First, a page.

Bing was tipping point in Microsoft-Yahoo deal

Microsoft's re-release of its search engine proved it is committed to search and inspired Yahoo to join forces

The successful launch of Microsoft's revamped search engine, Bing, was likely the event that tipped the scales in favor of Yahoo agreeing to a search deal, analysts said.

When Microsoft relaunched Live Search as Bing early last month, the company gained some early ground in search, mainly at the expense of Yahoo, according to analysts' statistics.

That early momentum showed Yahoo CEO Carol Bartz that Microsoft could create a search engine that was capable of drawing new users, and that it would benefit Yahoo to take advantage of the technology, said Neil MacDonald, vice president and distinguished analyst at Gartner Group.

"I credit Bing for being what tipped the deal finally over the edge," he said. "Microsoft has shown they can actually do something that has a chance of reversing the slide of both Yahoo and Microsoft against Google."

Microsoft and Yahoo have been losing ground to Google for some time in search queries and search-based advertising. But it took the companies more than a year to hammer out Wednesday's agreement about how to unify their search businesses.

Under the terms of the 10-year deal, Microsoft's Bing search engine and adCenter platform will power Yahoo's search-based advertising business, while Yahoo's sales team will handle both companies' premium search customers.

Bartz complimented Microsoft on its Bing technology just last week, on a conference call to discuss Yahoo's second-quarter earnings.

"I think Microsoft should be given kudos for Bing; it's a nice product," she said, adding that it was too early to say if people are visiting the site out of curiosity, or if it will help Microsoft to increase its market share over the long term. Microsoft and Yahoo were said to be close to a deal at the time, but nothing official had been revealed.

Though Bing seemed to be a major revamp of Live Search, it consisted mainly of features that had been in Live Search for a while, with some algorithmic and user-interface changes being the main differences, said Matt Rosoff, an analyst with Directions on Microsoft.

The problem was, not a lot of people used Live Search or knew about those features, and the rebrand was Microsoft's way to draw attention to the product, he said.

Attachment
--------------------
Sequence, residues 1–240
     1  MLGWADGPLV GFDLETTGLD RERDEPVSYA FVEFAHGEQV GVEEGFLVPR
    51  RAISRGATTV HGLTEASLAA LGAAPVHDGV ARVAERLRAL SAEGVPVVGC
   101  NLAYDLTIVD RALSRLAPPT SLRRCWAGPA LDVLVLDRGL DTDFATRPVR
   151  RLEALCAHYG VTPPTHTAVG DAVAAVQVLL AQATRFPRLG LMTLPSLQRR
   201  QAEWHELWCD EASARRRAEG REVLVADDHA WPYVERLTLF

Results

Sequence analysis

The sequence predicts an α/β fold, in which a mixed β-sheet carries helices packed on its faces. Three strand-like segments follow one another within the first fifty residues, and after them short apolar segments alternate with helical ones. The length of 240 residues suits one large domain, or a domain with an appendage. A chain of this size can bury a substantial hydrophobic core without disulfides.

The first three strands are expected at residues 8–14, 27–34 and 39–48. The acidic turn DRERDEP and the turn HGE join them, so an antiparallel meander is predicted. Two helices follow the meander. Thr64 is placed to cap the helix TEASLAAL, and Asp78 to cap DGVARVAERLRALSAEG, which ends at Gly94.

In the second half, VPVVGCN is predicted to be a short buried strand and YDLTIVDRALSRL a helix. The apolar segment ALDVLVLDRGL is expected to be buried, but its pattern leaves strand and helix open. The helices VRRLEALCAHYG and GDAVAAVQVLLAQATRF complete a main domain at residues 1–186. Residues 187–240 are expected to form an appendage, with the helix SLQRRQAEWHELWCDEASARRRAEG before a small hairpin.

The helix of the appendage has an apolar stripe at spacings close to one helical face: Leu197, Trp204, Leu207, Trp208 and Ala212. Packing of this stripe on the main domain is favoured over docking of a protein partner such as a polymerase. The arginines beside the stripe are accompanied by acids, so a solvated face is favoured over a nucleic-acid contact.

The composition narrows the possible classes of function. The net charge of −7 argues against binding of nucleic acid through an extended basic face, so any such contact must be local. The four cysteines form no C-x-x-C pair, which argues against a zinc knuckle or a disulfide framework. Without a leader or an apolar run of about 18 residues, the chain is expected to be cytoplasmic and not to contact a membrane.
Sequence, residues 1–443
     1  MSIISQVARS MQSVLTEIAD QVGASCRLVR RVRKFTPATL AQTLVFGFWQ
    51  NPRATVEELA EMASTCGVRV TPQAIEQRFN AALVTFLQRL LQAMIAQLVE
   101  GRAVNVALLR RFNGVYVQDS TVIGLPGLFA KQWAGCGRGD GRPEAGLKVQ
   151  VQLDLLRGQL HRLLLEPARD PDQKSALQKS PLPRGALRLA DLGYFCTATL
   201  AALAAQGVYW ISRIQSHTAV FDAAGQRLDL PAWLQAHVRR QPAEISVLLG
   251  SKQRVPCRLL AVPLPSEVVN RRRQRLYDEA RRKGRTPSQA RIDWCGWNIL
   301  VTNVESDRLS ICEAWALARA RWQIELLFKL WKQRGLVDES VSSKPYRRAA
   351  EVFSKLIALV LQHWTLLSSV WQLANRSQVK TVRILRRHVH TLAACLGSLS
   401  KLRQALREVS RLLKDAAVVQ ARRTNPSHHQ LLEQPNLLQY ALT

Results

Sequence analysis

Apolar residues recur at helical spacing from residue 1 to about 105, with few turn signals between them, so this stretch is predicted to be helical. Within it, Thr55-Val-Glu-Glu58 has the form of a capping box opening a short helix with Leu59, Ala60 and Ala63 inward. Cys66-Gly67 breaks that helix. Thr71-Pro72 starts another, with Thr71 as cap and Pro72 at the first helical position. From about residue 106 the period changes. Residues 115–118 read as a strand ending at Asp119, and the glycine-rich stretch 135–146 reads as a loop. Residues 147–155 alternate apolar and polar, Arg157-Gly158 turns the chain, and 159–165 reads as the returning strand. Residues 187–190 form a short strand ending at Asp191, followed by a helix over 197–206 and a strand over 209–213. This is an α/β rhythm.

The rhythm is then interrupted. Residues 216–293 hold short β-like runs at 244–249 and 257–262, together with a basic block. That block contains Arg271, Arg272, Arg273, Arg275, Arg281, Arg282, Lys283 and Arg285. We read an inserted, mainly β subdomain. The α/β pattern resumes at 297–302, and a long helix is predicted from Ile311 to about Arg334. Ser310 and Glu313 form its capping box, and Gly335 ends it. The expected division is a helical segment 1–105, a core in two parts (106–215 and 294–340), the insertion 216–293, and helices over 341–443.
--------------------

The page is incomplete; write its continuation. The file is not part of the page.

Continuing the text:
Bing and the marketing efforts around it have done just that, and early reviews indicate that the new search algorithms are an improvement not only on what Microsoft had before, but also on Yahoo's search engine, Gartner's MacDonald said.

Aside from being good technology, Bing also proved that Microsoft was serious about its investment in search, he said. That likely encouraged Yahoo to give up its search investments in favor of Bing so that it could focus on delivering better online content via its portal to drive online and display advertising.

"I think [Bartz] took a long, hard look at what is Yahoo, and what makes Yahoo distinctive doesn't change," MacDonald said. "The engine underneath isn't Yahoo."

If Bing delivers better search results, he said, it bodes well for Yahoo's ambitions to become a premium destination for online content and to bring more users to its portal.

Yahoo's search direction has been unclear for some time. While it has invested billions in that part of its business with acquisitions of Inktomi and Overture and its own development of search assets, it has never seemed entirely sure whether it wanted to go head-to-head against Google, Rosoff said.

Wednesday's deal shows Yahoo finally made the decision to move ahead as an online portal rather than a search company, he said.

"It was just a matter of deciding whether Yahoo wanted to really be a search company and invest in that area, or wanted to be more of a portal," Rosoff said. Search is Google's core business, he said. "That's what they've always been about. Yahoo's always gone back and forth."

Though abandoning its search efforts may look like a loss for the company, it's likely that Yahoo's search technology -- which Microsoft will now have access to -- factored into the economics of the deal, he added.

"They had something that Microsoft wanted," Rosoff said. "They're not just giving it up. But it does mean that they're not going to invest in their own search technology anymore."

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Elizabeth Montalbano

IDG News Service
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